New layout

I was getting tired of how drab the other one was. It kind of disappoints me any time I look at a design and wonder what possessed me to come up with that one to begin with…I guess there’s just a line between “mellow” and “dull” and I stepped over it.

Anyway, this is a photo I took (well, two that I pieced together) of the largest temple in Ikeda, Rengenji–not one of the major Shikoku 88, but from an alternate 88 (which I can find absolutely no information online about). I’m still ironing out a few bugs, but here you go. (And as soon as I post this, Amber and Rob, I will indeed start on your Omiko Beach Clean-Up poster and requested changes to the Waki Library site, respectively. Sorry!)

So you know how I, in my cold-induced stupor, tripped and skinned my knees on Thursday, and how the teachers applied some antiseptic and band-aids and everything? Well, the school called the BOE to let them know I’d taken a spill, so on Thursday and Friday, my current and former bosses were checking up on me anxiously to see how I was doing, and they heard that I’d “injured myself.” It was surprising, and really sweet. I was being a wimp (as I always do for even the most minor of scrapes/injuries) and kind of limping around so my knee wouldn’t keep stinging when I straighted/bent it, and I think that heightened their worry.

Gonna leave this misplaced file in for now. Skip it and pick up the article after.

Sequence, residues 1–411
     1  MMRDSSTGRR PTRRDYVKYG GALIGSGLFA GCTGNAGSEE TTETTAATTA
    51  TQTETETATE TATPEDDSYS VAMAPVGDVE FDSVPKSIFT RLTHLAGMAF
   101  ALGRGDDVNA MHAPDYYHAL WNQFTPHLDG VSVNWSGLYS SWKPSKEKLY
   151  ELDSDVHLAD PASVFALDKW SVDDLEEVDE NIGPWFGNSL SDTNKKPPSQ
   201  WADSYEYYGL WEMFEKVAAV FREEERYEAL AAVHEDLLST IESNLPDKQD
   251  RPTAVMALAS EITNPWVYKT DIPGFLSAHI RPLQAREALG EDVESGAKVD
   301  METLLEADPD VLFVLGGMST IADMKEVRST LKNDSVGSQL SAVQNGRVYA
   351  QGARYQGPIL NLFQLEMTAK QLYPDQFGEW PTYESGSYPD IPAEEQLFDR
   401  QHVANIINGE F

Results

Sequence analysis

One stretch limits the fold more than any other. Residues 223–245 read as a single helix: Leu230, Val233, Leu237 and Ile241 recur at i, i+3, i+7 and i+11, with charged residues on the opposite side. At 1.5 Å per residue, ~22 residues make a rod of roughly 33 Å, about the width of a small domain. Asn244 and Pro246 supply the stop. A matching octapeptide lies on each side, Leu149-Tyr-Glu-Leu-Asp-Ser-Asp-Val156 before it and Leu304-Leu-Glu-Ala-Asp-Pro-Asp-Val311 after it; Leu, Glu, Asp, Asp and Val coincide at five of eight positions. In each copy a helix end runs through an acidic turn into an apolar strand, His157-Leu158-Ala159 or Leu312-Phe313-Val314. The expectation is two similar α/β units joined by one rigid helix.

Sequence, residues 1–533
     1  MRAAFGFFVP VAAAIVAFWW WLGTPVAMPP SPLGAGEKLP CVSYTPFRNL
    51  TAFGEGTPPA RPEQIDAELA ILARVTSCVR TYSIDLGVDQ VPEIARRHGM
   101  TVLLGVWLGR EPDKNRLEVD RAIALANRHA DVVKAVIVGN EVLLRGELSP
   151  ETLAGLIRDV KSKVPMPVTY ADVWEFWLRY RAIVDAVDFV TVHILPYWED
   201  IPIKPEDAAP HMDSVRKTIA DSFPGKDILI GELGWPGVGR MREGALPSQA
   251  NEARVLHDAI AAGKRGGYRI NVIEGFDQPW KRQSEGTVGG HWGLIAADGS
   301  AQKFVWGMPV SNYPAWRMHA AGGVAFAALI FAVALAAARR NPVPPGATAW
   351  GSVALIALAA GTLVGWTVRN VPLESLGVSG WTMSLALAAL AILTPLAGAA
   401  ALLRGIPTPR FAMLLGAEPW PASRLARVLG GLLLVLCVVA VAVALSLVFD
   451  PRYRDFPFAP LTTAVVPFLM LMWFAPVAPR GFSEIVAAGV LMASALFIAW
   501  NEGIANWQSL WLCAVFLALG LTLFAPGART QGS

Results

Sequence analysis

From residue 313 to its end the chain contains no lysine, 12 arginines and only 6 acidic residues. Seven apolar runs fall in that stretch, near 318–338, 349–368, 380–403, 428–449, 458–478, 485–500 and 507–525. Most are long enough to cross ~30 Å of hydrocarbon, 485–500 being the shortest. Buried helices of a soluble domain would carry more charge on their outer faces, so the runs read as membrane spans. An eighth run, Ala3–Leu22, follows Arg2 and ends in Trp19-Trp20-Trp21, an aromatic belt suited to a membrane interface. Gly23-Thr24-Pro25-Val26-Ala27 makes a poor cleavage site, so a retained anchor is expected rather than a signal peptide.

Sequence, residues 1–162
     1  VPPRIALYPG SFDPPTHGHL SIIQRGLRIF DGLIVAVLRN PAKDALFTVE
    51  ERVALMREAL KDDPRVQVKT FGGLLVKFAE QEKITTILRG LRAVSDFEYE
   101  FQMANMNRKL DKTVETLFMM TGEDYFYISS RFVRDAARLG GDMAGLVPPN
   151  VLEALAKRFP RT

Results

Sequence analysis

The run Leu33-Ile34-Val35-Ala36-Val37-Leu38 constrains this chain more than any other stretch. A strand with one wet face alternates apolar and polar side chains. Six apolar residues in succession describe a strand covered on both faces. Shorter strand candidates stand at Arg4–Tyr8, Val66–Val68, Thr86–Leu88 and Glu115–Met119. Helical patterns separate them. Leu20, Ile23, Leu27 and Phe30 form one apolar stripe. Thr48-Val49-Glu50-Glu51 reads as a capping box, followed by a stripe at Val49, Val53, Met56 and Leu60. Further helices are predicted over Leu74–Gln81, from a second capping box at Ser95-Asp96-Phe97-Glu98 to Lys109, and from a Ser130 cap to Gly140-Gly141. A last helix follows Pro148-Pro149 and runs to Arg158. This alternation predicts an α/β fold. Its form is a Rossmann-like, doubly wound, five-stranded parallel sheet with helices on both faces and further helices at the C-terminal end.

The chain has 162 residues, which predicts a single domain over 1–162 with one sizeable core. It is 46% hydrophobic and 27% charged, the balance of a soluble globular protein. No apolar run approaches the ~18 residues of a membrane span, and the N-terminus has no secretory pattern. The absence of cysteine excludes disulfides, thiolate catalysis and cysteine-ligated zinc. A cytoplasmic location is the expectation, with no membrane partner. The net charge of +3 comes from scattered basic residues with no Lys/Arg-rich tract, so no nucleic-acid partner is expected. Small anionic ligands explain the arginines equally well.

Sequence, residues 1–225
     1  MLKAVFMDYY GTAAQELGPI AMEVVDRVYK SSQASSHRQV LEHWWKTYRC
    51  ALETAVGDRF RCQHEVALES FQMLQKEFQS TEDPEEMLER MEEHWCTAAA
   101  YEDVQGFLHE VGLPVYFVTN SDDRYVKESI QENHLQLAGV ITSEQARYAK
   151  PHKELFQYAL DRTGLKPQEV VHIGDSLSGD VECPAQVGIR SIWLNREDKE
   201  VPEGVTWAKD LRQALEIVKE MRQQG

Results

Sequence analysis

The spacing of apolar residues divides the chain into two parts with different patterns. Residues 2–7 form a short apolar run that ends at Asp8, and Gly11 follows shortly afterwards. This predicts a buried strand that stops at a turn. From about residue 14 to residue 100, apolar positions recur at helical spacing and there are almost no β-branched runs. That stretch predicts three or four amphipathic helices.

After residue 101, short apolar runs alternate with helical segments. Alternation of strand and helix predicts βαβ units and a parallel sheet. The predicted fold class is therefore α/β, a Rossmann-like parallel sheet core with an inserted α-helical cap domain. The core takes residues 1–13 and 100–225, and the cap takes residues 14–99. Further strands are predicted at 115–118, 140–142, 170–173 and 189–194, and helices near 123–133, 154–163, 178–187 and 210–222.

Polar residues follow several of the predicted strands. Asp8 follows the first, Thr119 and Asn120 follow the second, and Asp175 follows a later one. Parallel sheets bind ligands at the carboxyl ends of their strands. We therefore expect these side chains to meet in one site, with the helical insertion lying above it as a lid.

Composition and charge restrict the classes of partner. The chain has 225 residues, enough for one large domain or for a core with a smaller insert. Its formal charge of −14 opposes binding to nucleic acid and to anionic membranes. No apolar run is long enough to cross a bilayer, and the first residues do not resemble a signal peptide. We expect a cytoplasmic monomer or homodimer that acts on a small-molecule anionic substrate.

I also don’t know if I’ve ever mentioned this–last August, at Ikeda’s Awa Odori, I went with some other ALTs and we ended up sitting next to an older woman and her husband. The woman was really friendly, asking us about ourselves and just being warm and really sweet, and her husband was as well. A couple of days later, Hannah and I ran into them at Daily Mart while we were trying to figure out the difference between several different kinds of laundry detergent, and the woman totally helped us out, and then let us know that if we ever needed any help, we should feel free to ask, because anybody would be more than happy to help us. That was one of the early comfort-establishing moments in my time in Ikeda–we’d been there for only several weeks at that point, and hearing that really helped to put my mind at ease.

I’ve run into the woman a couple of other times since then, and she and her husband ended up being right ahead of Joe, Julie, and me when we were lining up to get into the Beethoven concert on Friday. She always looks really happy to see me, and she’s always quick to grasp my arm or take my hand in both of hers. We chatted a bit then, and again on our way out. And yesterday, when I was walking home from running errands, I took a side street I’ve never taken before, and ended up running into them again. She told me that she really wants to have me over to eat or drink something sometime. It only hit me after we went our separate ways that I don’t think either of us knows each other’s names–but that’s easily remedied, as I’m sure I’ll run into her again before long. One of the great things about this town is that the people who recognize me are quick to smile and greet me–I actually get greeted by quite a few people I myself don’t recognize. That’s one of the perks of living in such a small community–I’m going to miss that when I move back home.

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